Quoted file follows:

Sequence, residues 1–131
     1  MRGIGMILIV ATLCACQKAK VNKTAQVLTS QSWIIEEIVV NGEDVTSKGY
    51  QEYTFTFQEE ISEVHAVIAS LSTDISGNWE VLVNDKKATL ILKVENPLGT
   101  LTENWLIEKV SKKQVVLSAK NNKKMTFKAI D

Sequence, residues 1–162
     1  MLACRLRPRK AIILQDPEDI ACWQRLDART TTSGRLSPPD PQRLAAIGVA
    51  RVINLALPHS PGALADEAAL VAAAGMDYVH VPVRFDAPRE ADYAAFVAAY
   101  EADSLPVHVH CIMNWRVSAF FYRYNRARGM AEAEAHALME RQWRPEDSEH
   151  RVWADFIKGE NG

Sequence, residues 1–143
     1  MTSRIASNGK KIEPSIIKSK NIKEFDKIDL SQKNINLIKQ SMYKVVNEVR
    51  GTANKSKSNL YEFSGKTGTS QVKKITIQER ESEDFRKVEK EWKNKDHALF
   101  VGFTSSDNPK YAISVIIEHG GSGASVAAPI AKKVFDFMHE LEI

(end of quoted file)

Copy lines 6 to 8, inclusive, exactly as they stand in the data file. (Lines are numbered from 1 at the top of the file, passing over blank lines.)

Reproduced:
     1  MLACRLRPRK AIILQDPEDI ACWQRLDART TTSGRLSPPD PQRLAAIGVA
    51  RVINLALPHS PGALADEAAL VAAAGMDYVH VPVRFDAPRE ADYAAFVAAY
   101  EADSLPVHVH CIMNWRVSAF FYRYNRARGM AEAEAHALME RQWRPEDSEH